Does Lent feel like a season for frustration and irritation? A time of complaining about all our discomforts, voluntary or otherwise? Do your good intentions feel somehow unappreciated or worthless? Does your extra prayer or acts of service seem empty, aimless or uncertain? If so, you might be focusing on the wrong thing this Lent…
Fr. Al Lauer from Presentation Ministries gave a beautiful meditation on the feast of St. Martha on “busy-ness”. He explained how busyness can be a healthy and beautiful thing if we are called to it, but that the moment it takes us away from Christ and the peace he wants to offer us, then our busyness is no longer godly.
Is there a way to KNOW God loves you? Ever felt like saying “… it’s been such a crappy day/week/month/year/life that it sure doesn’t feel like it”? If we are struggling with the question of lovability, hearing about God’s love for you can almost feel nauseating in its commonality. We can’t even get away from the cheesy emoticon bumper-stickers that say “Smile, God loves you!” and most of the time it feels like people are “just saying that”. Is there a way to get past that?
I am a worrier. I worry about everything. I worry about every single decision I make, from what to make for dinner to whether or not I should spend those $20 extra at the grocery store. I worry about my abilities as a wife and a mother. I worry about my eating habits, my weight, my beauty and my ability to be loved. I worry about my children and their futures. I worry about my husband and his health. I worry about the health of my relationships with friends and family members. I worry about my problems and other people’s problems ’til I can’t sleep at night. But there is one thing I no longer worry about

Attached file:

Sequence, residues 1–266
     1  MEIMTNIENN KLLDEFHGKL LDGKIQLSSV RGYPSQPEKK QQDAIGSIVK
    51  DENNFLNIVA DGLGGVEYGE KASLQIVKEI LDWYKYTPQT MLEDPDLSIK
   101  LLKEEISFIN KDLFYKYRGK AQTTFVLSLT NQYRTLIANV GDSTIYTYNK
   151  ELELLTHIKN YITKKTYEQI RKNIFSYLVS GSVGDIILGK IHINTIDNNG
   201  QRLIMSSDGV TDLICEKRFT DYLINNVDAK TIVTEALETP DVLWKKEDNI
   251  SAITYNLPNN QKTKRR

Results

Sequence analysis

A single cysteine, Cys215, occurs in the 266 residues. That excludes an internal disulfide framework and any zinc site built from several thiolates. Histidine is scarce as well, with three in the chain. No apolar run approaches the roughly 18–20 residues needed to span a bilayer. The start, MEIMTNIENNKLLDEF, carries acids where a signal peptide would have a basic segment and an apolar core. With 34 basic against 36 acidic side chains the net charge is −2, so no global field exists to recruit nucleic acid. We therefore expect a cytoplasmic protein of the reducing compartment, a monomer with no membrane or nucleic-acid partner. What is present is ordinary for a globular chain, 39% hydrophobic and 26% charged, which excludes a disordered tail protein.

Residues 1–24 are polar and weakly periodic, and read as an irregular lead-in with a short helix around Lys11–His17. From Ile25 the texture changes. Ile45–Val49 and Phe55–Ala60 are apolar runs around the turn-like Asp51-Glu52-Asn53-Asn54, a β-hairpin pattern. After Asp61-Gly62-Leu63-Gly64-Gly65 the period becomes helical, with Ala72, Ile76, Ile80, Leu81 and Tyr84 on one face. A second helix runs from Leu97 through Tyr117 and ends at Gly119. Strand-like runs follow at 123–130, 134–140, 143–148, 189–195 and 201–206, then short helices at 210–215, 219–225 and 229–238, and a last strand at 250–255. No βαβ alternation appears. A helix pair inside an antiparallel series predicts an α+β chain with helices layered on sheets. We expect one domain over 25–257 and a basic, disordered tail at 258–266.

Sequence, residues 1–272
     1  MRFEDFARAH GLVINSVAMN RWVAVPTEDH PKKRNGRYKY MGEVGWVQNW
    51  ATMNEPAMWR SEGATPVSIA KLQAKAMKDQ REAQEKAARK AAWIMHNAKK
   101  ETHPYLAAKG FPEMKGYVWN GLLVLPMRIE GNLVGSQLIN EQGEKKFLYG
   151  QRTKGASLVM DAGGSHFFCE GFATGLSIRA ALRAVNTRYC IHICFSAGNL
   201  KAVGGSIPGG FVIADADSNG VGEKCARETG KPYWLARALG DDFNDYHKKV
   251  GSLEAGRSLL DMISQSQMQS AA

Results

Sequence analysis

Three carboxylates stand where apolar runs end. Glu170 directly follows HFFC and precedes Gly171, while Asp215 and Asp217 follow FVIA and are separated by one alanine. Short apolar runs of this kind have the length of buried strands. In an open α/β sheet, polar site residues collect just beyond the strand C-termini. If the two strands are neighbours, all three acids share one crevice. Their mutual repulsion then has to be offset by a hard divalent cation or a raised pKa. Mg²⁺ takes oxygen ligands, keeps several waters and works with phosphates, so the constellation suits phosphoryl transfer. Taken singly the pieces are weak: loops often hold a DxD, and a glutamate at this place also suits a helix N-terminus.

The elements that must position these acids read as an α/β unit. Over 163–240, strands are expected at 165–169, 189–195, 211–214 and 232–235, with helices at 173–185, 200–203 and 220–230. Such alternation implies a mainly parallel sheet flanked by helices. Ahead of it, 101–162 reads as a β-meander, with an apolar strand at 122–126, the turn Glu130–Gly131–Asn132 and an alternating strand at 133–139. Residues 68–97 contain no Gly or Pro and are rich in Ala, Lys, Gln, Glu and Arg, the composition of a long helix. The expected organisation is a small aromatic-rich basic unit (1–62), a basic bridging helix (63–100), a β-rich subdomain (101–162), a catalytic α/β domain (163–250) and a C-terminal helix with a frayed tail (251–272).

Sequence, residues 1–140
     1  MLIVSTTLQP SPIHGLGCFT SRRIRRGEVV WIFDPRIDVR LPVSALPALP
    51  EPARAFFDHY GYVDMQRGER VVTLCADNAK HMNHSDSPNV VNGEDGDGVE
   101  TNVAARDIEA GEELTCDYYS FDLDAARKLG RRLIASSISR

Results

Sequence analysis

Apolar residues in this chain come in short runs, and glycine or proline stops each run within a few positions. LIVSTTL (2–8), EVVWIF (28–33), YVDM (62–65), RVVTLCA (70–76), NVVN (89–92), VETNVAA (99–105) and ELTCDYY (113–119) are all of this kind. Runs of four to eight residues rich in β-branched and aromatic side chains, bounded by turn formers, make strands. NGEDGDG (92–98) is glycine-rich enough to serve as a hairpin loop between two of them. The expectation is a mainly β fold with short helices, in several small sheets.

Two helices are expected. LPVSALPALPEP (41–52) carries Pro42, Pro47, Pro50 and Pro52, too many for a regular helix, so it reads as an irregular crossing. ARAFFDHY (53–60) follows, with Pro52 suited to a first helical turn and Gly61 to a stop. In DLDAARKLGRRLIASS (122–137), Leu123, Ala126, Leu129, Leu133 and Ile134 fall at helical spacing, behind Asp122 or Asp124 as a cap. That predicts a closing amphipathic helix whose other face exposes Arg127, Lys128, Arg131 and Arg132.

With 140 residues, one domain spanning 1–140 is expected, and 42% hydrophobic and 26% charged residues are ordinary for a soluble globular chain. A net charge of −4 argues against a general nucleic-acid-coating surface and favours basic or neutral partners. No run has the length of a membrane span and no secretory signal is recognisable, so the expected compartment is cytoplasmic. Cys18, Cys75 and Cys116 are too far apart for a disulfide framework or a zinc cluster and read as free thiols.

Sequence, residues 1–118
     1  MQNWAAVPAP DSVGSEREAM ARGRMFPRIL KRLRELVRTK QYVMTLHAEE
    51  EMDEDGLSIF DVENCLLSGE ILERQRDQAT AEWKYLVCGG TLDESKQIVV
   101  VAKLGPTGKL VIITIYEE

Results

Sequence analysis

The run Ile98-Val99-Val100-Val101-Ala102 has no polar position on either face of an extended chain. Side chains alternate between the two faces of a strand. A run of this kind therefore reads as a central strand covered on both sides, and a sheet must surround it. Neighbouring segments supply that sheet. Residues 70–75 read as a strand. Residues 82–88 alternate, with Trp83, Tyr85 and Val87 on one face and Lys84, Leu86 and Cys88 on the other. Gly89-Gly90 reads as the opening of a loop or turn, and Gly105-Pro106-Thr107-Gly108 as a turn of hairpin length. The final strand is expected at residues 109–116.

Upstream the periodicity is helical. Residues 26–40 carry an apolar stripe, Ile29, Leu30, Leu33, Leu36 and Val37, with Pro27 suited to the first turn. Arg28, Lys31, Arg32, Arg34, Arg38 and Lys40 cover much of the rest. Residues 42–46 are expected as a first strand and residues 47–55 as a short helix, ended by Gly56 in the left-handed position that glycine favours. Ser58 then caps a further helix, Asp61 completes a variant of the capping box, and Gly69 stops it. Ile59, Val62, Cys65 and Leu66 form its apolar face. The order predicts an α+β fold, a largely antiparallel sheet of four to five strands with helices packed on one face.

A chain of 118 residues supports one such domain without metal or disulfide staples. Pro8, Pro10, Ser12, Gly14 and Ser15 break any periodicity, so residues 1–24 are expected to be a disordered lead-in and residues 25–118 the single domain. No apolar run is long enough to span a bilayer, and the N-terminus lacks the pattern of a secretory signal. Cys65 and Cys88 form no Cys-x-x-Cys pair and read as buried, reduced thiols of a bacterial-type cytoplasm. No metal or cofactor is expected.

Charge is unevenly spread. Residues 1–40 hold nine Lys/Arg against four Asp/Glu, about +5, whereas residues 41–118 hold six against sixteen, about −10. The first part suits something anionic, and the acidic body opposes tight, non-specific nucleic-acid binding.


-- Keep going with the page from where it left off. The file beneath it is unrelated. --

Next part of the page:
The first question this obviously leads to is, what is God’s will for us? We think of it as something scary, oppressive, controlling. When we consider following God’s will, we tend to think only of rules and regulations. We think of lines like, “Whomever wants to come after me must take up his cross and follow me” (Mt. 16:24) and of having to do hard things and give up what we are most attached to. We think of having to change. We think of Job, Lazarus and Calvary. How could that possibly make us happy? What’s in it for me if I’m called to “die to myself” (Mk. 8:35, Jn. 12:24, etc)?
How do you feel about the way others see you and the way you see yourself? Did you ever try to put on a front hoping to make someone else see you in a different light than how you see yourself? Have you ever thought about it? There’s a whole new craze of self esteem promos out lately… how are those working out for you? Does repeating a mantra change the way you see yourself? Does it ever make you feel torn between worlds when the way you see yourself, the way others see you and the reality of who you want to be don’t seem to match up? Have you ever asked why?
Do you get frustrated by failure? Do you feel that all too often your best efforts and best laid plans are thwarted by irritating nothings that somehow have the power to ruin everything? I’m pretty sure most human beings can agree that we aren’t the biggest fans of not measuring up to our own standards, or, even worse, to the standards we feel others place on us. As disappointing as it may be, we are all human, and part of being human necessarily entails weakness and imperfection. How can we ever find peace with our reality if we are trying to become something we are not (namely, perfect)? Is there any way to see our weakness in a more positive light?
So many people think that being yourself happens by doing stuff that “makes you” you. We fight so hard and so long to have the right job, the right clothes, the right car, phone, relationship, financial or social status so that we can prove to others who we “really are”. But isn’t this just us trying to create for ourselves a worth to fill the void within us that comes from not really knowing?